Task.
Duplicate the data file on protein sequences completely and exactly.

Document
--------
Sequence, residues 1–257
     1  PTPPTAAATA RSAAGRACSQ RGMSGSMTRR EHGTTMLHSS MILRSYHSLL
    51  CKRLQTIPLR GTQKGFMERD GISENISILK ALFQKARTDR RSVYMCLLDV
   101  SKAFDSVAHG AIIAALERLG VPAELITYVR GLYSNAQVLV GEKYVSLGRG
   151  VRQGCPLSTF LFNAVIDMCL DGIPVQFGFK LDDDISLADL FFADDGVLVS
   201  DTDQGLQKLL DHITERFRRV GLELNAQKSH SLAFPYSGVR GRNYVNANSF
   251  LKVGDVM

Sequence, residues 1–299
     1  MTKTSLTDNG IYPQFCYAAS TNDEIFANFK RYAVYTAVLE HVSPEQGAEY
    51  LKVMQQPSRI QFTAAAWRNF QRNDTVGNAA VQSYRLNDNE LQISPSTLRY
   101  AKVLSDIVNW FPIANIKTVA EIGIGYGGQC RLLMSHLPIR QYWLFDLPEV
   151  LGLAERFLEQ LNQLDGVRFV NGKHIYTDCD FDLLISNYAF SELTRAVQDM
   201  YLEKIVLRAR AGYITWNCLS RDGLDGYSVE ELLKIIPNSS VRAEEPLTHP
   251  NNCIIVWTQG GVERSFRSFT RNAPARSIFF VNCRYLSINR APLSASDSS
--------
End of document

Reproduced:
Sequence, residues 1–257
     1  PTPPTAAATA RSAAGRACSQ RGMSGSMTRR EHGTTMLHSS MILRSYHSLL
    51  CKRLQTIPLR GTQKGFMERD GISENISILK ALFQKARTDR RSVYMCLLDV
   101  SKAFDSVAHG AIIAALERLG VPAELITYVR GLYSNAQVLV GEKYVSLGRG
   151  VRQGCPLSTF LFNAVIDMCL DGIPVQFGFK LDDDISLADL FFADDGVLVS
   201  DTDQGLQKLL DHITERFRRV GLELNAQKSH SLAFPYSGVR GRNYVNANSF
   251  LKVGDVM

Sequence, residues 1–299
     1  MTKTSLTDNG IYPQFCYAAS TNDEIFANFK RYAVYTAVLE HVSPEQGAEY
    51  LKVMQQPSRI QFTAAAWRNF QRNDTVGNAA VQSYRLNDNE LQISPSTLRY
   101  AKVLSDIVNW FPIANIKTVA EIGIGYGGQC RLLMSHLPIR QYWLFDLPEV
   151  LGLAERFLEQ LNQLDGVRFV NGKHIYTDCD FDLLISNYAF SELTRAVQDM
   201  YLEKIVLRAR AGYITWNCLS RDGLDGYSVE ELLKIIPNSS VRAEEPLTHP
   251  NNCIIVWTQG GVERSFRSFT RNAPARSIFF VNCRYLSINR APLSASDSS